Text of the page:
Robert Frost: The Man Behind the Persona
I love Robert Frost and always have--ever since I first read the lines of his beautiful poems "Mending Wall" and "The Road Not Taken," among others. So don't get me wrong in what I write. I read Frost's biographies because I wanted to find out what he was like as a real man not just artist. Though I dabbled in several biographies, it wasn't until I grasped the book written by Jeffrey Meyers that I believe I held the truth. Too many had shown Frost in the light you would expect of a great man and poet: all positive, flattering information. Jeffrey Meyers in Robert Frost: A Biography, however, presents an unbiased look at the man and poet and the tragedy he endured.
Initially as a young child growing up in San Francisco, Frost had to contend with a domineering, alcoholic father who eventually succumbed and left Frost at age 11 and his family fatherless. They were obliged to move east to Lawrence, Massachusetts, where they would live with his grandparents. His mother, Belle, obtained a teaching position that precariously lasted the next seven years and barely kept the family going. In high school, Robert fell in love with his co-valedictorian, Elinor White. Frost doggedly pursued her and eventually made her his wife. Unfortunately, the marriage never turned out as ideal as he first imagined it would be.
Jeffrey Meyers details the many struggles the young couple experiences during the time of their marriage--at least until Frost gains prominence as a poet. There was the move to England during which Frost made friends with the English poet Edward Thomas and his acquaintance with Ezra Pound during that time as well. It was not until the publication of A Boy's Will, about this time, that Frost grabbed the public's attention. After two and a half years in England, Frost returned to his native land with the attention he deserved as an accomplished poet.
Frost would, still, however, have to rely upon teaching to pay his bills and so accepted a job teaching at Amherst College. Teaching would continue at several universities, and Frost would earn additional income from public readings. The most interesting feature of Meyers' biography is not portraying the historic timeline of Robert Frost's life, but rather the detailed interactions that happened along the way between Elinor and Robert and Frost and his critics. Meyers does point out "There is no doubt that from their first meeting in high school until her death in 1938 Elinor, Frost's first reader and principal advisor, both inspired and nutured his poetic flame (p. 161)."Their relationship, however, was far from ideal.
Hiding From the Public
Frost was a very complex man who clearly guarded and somewhat shaped his persona. Meyers states that he "was all for secrecy and guile" and urged one biographer, Sidney Cox, to not "disillusion Frost's admirers by revealing the factual basis of his 'sources and processes (page 224).'" Frost postponed, almost indefinitely (25 years) the long-awaited publication from his main biographer, Lawrence Thompson.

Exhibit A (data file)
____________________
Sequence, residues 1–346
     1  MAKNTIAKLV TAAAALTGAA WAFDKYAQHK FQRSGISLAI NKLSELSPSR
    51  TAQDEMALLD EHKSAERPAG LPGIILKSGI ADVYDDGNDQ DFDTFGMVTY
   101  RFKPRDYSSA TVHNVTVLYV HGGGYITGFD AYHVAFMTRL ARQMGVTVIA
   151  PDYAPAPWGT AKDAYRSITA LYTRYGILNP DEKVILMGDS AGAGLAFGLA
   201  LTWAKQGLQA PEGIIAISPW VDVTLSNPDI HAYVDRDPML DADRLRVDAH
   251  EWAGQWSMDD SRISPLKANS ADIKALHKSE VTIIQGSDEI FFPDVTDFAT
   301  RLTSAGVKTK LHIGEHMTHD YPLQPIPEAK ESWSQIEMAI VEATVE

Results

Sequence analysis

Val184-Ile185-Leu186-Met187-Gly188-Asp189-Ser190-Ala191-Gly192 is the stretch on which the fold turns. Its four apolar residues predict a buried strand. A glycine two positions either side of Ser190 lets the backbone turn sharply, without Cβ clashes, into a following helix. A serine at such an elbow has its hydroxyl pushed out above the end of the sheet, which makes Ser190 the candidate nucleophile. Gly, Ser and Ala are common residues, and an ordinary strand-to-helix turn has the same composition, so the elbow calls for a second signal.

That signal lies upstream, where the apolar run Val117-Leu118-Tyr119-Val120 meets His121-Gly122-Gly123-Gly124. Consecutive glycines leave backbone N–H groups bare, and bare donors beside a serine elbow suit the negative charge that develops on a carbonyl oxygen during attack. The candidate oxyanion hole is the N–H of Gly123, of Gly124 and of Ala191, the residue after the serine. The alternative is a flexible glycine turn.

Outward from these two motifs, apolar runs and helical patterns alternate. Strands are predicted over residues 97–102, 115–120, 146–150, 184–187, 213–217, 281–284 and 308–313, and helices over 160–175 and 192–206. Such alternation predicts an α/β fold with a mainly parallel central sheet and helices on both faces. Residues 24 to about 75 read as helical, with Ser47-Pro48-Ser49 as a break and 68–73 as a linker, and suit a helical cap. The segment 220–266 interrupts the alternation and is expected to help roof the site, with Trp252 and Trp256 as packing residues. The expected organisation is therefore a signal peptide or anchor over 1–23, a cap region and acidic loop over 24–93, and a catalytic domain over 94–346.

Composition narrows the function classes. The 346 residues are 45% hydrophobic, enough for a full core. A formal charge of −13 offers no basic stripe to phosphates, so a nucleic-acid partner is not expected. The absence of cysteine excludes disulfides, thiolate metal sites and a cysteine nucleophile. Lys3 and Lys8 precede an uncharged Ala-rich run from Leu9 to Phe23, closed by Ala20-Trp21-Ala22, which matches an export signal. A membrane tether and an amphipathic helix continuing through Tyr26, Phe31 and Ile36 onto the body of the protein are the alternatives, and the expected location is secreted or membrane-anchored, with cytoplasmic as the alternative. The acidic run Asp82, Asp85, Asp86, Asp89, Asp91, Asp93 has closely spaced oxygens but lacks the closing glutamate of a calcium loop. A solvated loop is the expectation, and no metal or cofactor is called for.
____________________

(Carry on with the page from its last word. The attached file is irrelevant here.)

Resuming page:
What was he trying to hide from? Perhaps it was his failure as a father as he had poor relationships with his children, particularly Carol, who later went insane and shot himself with a deer rifle. Or perhaps it was the many "disputes" he engaged in with his critics. More interesting perhaps might have been the long affair he engaged in with his secretary, Kay Morrison...
The Tragedy He Endured
Frost's life was indeed tragic in that he lost so many close to him. Daughter Elinor died after two days and son Elliott died at three years of age. Sister Jeanie was, on Frost's consent, sent to a mental institution where she died, Daughter Irma was also institutionalized with mental illness and son Carol committed suicide. His wife Elinor, who experienced seven heart attacks, eventually succumbed in 1938 at age 66. Frost stated, "I'm afraid I dragged her through pretty much of a life for one as frail as she was. I have prospered in an outrageously self-indulgent life. I have been given absolutely my own way (page 231)."
Like most artists perhaps, Frost had a large ego which is revealed as you read through the pages of this book. He never seemed to receive enough adulation or honors. "He had been poor for a long time, had no recognition for the first forty years of his life, and remained personally insecure and emotionally needy (page 291)" and "craved honors." His ego became most offended by literary critics whom he often referred to as "enemies." In an entire chapter, Meyers details the bitter and enduring dispute Frost had with Ezra Pound, once a friend.
As many of you know, Frost lived a long life and on his eighty-eighth birthday received the Congressional Gold Medal from President Kennedy--about the same time he released his ninth volume of poetry, In the Clearing. As a poet he was one of America's greatest and the reader certainly can appreciate that in reading this book or any volume of Frost's poetry. As a man and father, Frost was not perhaps as great and that too is clearly revealed.
One can not help to have sympathy for this great poet, despite the many self-inflicted troubles that seem to manifest throughout this life. If you love or are interested at all in the poetry of Robert Frost, you will gain a much greater understanding and appreciation of what you read through the contents of Jeffrey Meyers' unabashed biography.
Robert Frost: A Biography